Nissan Micra long-term test review

Nissan has given the Micra a radical makeover in its fifth generation, so can it now compete with the best small cars? Six months of everyday use should provide the answer...

Nissan Micra long-term test review
  • The car Nissan Micra 0.9 IG-T 90 N-Connecta
  • Run by Hemal Mistry, digital reviews editor
  • Why it’s here Nissan claims it has created a no-compromise supermini, with a striking new look, plenty of personalisation options and some impressive technology, but can it rival the best in the market?
  • Needs to Do what all the best superminis do – be practical, refined and frugal, deal with motorway jaunts and, importantly, be fun to drive.

List price: £16,115 Target Price: £15,438 Price as tested: £19,110 Options: Powder Blue paint (£575); Vision+ pack, includes 360-degree camera, blindspot monitoring and moving object detection (£550); Exterior pack, includes 17in alloys and chrome trim (£800); Interior Powder Blue personalisation pack (£350); Intelligent Key (£200); Bose personal audio pack (£500)***

26 October 2017 – Nissan Micra final report

With it time to bid our long-term Nissan Micra a fond farewell, let's conclude whether this fifth generation car is more than just style over substance.

It’s hard not to notice the striking new looks compared to bubble-shaped cars that went before. Regardless of whether you like its styling or not, the Micra remained a head-turner during its stint with us, helped by its optional Power Blue metallic paint job.

The same striking approach was also carry through to the interior, with sections of crisp black plastic, swathes of soft-touch materials, and splashes of blue and cream all helping lift the ambiance. Include the standard-fit fully loaded touchscreen infotainment system and the optional, yet clever, Bose stereo system, and the Micra is somewhere you won’t mind spending long periods of time in.

Nissan Micra long-term test review

But there is more to a good supermini than standing out in a crowd. It needs to remain practical enough for family life and decent to drive. Admittedly, the Micra lacks the overall polish that makes the latest Seat Ibiza and Ford Fiesta both stand out performers. But the little Nissan goes about its business quietly and with minimal fuss, with only fidgety ride at low speeds providing a real grumbling point. Although I suspect sticking with 16in wheels rather the optional 17s fitted to our car would cure that issue.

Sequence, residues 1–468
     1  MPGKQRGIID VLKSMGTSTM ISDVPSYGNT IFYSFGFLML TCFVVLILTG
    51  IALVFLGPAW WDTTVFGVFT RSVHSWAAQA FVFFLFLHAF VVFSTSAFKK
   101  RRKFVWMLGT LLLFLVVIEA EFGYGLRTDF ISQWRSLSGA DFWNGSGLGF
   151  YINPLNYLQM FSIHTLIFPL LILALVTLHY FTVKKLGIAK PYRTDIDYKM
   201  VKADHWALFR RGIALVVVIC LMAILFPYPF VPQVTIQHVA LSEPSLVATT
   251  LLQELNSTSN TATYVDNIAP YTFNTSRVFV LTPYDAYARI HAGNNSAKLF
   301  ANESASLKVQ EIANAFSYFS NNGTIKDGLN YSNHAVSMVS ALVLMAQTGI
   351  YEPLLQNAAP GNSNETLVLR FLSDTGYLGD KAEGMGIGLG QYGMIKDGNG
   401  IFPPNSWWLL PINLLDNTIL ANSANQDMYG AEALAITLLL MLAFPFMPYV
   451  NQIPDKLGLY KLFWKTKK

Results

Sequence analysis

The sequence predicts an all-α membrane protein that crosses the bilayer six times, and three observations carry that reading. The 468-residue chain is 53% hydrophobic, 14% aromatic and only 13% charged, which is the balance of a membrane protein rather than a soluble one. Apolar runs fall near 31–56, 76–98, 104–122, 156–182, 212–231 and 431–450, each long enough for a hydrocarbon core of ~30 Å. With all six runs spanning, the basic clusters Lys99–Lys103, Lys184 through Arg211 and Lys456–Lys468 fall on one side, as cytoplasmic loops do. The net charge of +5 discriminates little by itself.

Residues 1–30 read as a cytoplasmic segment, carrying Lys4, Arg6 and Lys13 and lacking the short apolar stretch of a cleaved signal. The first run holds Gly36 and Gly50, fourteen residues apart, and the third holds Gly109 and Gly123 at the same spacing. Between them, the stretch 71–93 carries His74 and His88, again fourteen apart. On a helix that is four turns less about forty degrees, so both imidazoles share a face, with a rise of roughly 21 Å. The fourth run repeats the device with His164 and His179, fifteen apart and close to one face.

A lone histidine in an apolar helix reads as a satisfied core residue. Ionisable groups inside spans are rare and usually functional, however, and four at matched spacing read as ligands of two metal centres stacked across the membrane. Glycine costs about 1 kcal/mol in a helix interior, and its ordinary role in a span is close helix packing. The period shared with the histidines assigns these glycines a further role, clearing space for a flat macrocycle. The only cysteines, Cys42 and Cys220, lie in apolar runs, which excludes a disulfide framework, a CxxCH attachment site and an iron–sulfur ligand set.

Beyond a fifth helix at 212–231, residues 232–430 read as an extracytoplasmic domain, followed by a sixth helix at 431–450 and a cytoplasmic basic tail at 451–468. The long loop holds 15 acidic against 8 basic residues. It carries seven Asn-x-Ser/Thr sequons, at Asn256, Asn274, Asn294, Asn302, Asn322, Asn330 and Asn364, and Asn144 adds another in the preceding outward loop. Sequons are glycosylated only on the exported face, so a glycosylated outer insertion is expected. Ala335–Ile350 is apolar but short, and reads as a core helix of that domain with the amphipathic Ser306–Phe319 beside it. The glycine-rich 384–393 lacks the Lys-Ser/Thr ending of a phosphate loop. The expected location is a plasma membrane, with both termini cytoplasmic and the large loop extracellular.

Where the Micra shines is with it’s steering. Yes, it is lighter and less feelsome than the best in class, but at low speeds the car is easy to thread through tight spaces, and yet direct and accurate when you want to corner with gusto. Add in Nissan’s Chassis Control traction system, which brakes individual wheels to help corner tighter, gives this little supermini superb balance in the corners.

Even despite our gearbox woes, which saw the Micra refuse to select or release third gear. There is little to find fault with here either, with the action is both smooth and positive allowing you to change quickly and make the most of the narrow power band. And while most rivals offer more boot space and better legroom for rear passengers, we found the Micra ideal for carrying four adults over short distances.

What lets the little Nissan down is its 0.9-litre petrol engine, our preference remember over the 1.5 diesel and the non-turbocharged 1.0 petrol. Although at cruising speeds the engine is quiet and refined, with enough thrust to make overtaking almost effortless, there just isn't enough power at lower speeds.

Nissan Micra long-term test review

The engine is not a bad one, but when compared to similar small engines found in both the Fiesta and Ibiza you realise its shortcomings. Both spin up quicker, are peppier and are better balanced. The latter is important because the Micra also suffers from harsh vibrations transmitted through the steering wheel and clutch pedal.

These small indiscretions give the Micra a couple of big black marks against its otherwise impressive package. Don’t get me wrong, if you invested in one you would be getting a superb supermini that is well appointed and is better to drive than most in this class. But the Ibiza and the Fiesta have an added layer of polish that you would expect for a car priced as ours is.

Dealer price now: £14,420

Private price now: £12,690

Trade-in price now: £11,750

Test economy: 43.87mpg

True MPG: NA

Official average: 61.4mpg

Contract hire: £238

Cost per mile: 98.4p

Total running cost: £479.77 fuel

Insurance Group: 4E

Typical insurance quote: £301

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